Archive: Issue No. 74, October 2003

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Art as Usual

'art as usual'
Installation view

Much ado about nothing

A war of words recently broke out at the Johannesburg Art Gallery. As a result an exhibition was cancelled, or - more accurately - presented other than as advertised. 'art as usual' was to be the highlight of Christian Nerf's '24.7' residency programme at the JAG; instead audiences were presented with a list of framed accusations.

Curator Christian Nerf principally aimed his barbs at JAG exhibitions curator Brenton Maart. Responding to the core allegation that he reneged on his promises and commitments, Maart submitted the following text, which is republished largely unedited. Christian Nerf responds. (See also Reviews)

Brenton Maart: An informal internal review of the '24.7' Residency Programme at the Johannesburg Art Gallery

Brenton Maart is the JAG's exhibition curator. He writes here in his personal capacity.

1. My rather puerile contribution to Christian Nerf's '24.7' residency programme was a red 'f' alongside his 'art as usual'. Fairly retrospectively (chalked in during the last week of his 'exhibition of evidence'; weeks after deadline) and definitely reactionary (in response to his ill-treatment of the JAG), my artwork action had at least one function: it gave a focus to this first paragraph and also to the second.

Traditionally, in academic circles, the red 'f' denotes 'fail'. In the case of my artwork, however, it functions to form the word 'fart'. Defined as to emit wind from the anus, fart also means to behave foolishly and waste time. We know also that farts are warm (not hot), so I'll add that: a fart is warm wind emitted from the anus.

As with all processes (and farts can be considered Process art), farts also move from one place to another. Sometimes the farter tries to blame someone else in the nearby vicinity; the elevator operator, for example. This category of farter is thus demonstrating the physical and psychoanalytic technique of projection.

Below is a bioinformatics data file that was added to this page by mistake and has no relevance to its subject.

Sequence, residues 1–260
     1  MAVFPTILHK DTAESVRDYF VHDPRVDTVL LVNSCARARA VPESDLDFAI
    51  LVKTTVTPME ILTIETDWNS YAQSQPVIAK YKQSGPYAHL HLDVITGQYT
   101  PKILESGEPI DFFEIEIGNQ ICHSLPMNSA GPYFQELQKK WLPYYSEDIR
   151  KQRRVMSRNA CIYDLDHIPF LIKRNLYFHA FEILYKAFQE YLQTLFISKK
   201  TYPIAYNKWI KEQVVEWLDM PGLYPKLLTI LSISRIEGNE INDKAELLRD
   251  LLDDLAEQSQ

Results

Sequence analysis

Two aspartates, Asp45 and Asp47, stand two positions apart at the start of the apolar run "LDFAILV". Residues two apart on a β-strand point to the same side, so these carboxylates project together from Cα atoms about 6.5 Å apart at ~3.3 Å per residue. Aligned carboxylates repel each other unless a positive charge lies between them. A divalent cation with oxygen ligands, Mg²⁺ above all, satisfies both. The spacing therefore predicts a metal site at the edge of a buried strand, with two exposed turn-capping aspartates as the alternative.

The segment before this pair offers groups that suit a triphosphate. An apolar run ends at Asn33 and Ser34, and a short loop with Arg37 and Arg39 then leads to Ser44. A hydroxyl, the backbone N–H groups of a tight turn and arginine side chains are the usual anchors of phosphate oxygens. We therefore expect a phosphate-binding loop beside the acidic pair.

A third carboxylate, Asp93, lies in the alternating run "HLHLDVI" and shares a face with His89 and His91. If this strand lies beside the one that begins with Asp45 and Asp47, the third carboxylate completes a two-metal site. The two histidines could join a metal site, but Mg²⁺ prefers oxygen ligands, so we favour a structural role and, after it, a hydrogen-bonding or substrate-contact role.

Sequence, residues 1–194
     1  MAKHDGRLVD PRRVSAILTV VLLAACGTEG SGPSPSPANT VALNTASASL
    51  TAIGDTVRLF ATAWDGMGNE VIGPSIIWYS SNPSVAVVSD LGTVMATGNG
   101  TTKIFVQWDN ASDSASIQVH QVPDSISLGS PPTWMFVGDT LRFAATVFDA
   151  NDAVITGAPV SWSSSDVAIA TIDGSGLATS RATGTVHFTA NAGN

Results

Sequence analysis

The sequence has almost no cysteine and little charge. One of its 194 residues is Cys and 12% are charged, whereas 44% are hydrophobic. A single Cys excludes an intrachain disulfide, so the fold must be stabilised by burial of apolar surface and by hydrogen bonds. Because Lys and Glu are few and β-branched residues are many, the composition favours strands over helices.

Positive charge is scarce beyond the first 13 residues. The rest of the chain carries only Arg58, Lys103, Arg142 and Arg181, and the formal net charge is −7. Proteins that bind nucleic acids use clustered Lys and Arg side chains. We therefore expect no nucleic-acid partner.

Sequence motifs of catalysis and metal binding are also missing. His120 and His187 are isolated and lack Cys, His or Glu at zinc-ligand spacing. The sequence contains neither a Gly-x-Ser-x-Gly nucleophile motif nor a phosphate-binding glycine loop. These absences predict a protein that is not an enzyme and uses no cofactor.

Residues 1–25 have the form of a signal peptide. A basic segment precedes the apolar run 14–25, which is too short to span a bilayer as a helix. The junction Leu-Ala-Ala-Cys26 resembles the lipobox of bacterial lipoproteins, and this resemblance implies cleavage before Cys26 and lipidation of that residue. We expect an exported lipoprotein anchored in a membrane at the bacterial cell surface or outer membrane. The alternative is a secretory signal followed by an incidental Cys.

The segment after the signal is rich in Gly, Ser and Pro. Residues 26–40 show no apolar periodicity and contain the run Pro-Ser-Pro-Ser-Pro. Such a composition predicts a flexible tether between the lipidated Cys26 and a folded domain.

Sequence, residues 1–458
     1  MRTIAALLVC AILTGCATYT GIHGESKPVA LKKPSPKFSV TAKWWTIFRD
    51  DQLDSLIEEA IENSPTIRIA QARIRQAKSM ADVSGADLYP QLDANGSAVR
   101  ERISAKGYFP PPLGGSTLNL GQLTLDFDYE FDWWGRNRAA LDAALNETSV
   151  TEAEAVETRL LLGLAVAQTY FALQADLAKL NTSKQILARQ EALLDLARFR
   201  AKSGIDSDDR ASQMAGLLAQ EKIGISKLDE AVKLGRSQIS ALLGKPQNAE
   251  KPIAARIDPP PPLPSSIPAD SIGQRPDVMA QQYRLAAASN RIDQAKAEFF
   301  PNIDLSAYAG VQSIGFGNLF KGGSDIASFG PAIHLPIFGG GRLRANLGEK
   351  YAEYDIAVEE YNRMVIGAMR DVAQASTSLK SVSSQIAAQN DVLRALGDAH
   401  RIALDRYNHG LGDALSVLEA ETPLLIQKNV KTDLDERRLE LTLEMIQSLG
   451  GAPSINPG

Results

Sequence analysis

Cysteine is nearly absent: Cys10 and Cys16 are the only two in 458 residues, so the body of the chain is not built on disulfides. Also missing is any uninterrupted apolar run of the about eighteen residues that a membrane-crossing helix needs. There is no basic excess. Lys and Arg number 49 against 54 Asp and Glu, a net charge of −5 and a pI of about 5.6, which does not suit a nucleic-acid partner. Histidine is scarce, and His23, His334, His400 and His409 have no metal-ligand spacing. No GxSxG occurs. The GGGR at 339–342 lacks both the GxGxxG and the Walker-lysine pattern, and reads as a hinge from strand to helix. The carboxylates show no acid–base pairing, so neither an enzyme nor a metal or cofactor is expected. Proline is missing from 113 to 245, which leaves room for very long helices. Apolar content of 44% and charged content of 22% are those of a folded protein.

2. Briefly, this is what seems to have happened with '24.7' at the JAG:

The Johannesburg Art Gallery is a creative, productive space where exciting things happen. Thus, Christian Nerf's proposal for the gallery to host his '24.7' residency programme seemed like a neat case study at mapping the creative possibilities of interdisciplinary practice. The Gallery accepted Nerf's proposal, and with much vinyl lettering the studio was set up in a temporary exhibition space.

A lack of process management, linked to a significant lack of support from a large part of the Jo'burg based artist community, led to the initial burst of enthusiasm giving way to a kinda dwindling, with artists (including myself) promising and not pitching nor delivering. Towards the end of the seven-week residency programme, not much was happening aside from the kids at the Nintendo game cube.

After a brief rest, during which time Nerf was meant to be compiling the catalogue the JAG promised to fund and also prepare the work for show, in an "exhibition of evidence". The exhibition - the gallery and participating artists' were led to believe - would show work created during the residency programme. This was an important consideration for the young artists participating.

In the meanwhile, a debate ensued about how many copies of the catalogue Nerf could have for free. JAG liberally offered him half the print-run of the publication; Nerf said no. Was he making a strategic statement, or did he not have his shit together (the fart metaphor extends)? Whatever the reason, this is unacceptable to participating artists.

Back to the exhibition at the JAG, which under Nerf's direction, was not an exhibition of work generated during the programme. Instead of the products and process evidence promised to the JAG and participants, the '24.7' exhibition at the JAG turns out to be minimal. Not a participant's work in sight as far as I can make out (except for Kim Lieberman, Katherine (sic) Smith and Barend de Wet). Instead, on the walls are a nasty framed letter signed in baby-blue pencil crayon slating (mainly) myself and Rochelle [Keene, the director of the JAG], a black cross in the now-overused el Greco frame (almost definitely a black cross against our names?), some framed packing material (the work that was meant to be on show has packed up and fucked off?), and other bits including an ashtray overflowing with butts and a black blob of charcoal below that.

Instead, the exhibition was held on September 27, at Carfax.

Whether this statement was effective or not, or whether or not it carried some inherent agency, again the bottom line is this: A personal or professional gripe is not an acceptable substitution for the agreed-upon exhibition. I am sure this holds as much for participating artists as it does for the Johannesburg Art Gallery.

3. Nerf's self-styling as hijack artist does have some appeal, especially when strategically applied to an organization like the JAG. The method of transformation of a gallery steeped in historical baggage needs to be sharp and furious. And as with all campaigns (guerrilla and otherwise), this is best done strategically and communally.